In contrast, buyout groups have been accustomed to operating as “lone rangers”. They find companies in which to invest, provide most of the risk equity themselves and form relatively small boards of portfolio companies to work with management to resolve issues.

In the past two years, buyout funds have begun to invest together as syndicates of three to seven players. This equity syndication enables them to diversify risk, buy bigger companies and reduce the level of competition in an acquisition auction.

So far, this new type of arrangement has not been fully tested. A single buyout investor can act quickly and unilaterally to fix problems and seize opportunities, and this has often been viewed as the advantage of the private equity governance model over public company governance. So, it remains to be seen if a multibusiness private equity governance structure will be as effective as the lone ranger model that has served the industry so well.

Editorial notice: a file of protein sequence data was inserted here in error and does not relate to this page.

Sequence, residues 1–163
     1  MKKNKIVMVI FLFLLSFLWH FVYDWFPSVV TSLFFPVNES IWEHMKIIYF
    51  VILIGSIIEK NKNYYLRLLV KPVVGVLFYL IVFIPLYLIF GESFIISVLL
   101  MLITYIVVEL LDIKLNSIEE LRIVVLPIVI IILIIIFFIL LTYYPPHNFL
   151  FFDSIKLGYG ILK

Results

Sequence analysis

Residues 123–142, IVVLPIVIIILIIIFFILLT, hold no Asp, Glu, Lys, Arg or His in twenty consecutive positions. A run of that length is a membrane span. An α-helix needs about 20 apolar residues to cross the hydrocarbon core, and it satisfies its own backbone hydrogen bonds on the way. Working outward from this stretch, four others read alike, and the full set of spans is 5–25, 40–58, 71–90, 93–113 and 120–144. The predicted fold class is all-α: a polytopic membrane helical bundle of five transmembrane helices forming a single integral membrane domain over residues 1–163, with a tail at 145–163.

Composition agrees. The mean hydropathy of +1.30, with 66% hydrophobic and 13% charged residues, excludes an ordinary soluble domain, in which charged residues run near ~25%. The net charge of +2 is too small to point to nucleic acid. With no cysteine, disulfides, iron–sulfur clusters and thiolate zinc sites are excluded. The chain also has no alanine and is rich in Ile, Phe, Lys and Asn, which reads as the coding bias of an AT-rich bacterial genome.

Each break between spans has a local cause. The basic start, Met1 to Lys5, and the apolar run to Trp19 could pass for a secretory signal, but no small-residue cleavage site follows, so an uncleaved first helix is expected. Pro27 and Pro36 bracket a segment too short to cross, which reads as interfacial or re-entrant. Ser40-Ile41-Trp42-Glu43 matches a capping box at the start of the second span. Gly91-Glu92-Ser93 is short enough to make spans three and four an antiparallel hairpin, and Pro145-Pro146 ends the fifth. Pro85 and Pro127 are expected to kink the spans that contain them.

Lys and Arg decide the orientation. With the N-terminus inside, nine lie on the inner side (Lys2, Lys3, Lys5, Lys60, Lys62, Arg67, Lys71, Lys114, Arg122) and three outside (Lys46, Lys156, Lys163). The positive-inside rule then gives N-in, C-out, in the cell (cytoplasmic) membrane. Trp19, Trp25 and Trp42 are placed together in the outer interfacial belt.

Technology buyouts

As many technologies have become mainstream, banks and other lenders have become more comfortable with helping buyout groups who target established technology companies. Until recently, such a buyout was viewed as a contradiction in terms: buyout funds assumed they could not take a technology risk and convince lenders to provide capital in highly volatile industries.

But a few technology investors realised that a number of technology companies had developed stable recurring revenue streams that were also diversified. Buyout funds have targeted healthcare data providers, electronic commerce systems, software companies, disc drive manufacturers and chip manufacturers. Furthermore, it is entirely possible that larger technology companies, whose performance has been sideways at best, will be candidates for buyout transactions.

The credit bubble

Buyout veterans are not shy about admitting that the amount of leverage and the number of lenders in the marketplace is at levels not seen since the 1980s. Banks and other lenders are aggressively competing with each other for deals to generate fees and interest income in the midst of a relatively low interest rate environment. The result has been a steady expansion of the amount of debt available for leveraged acquisitions and a relaxation of lenders’ terms and conditions.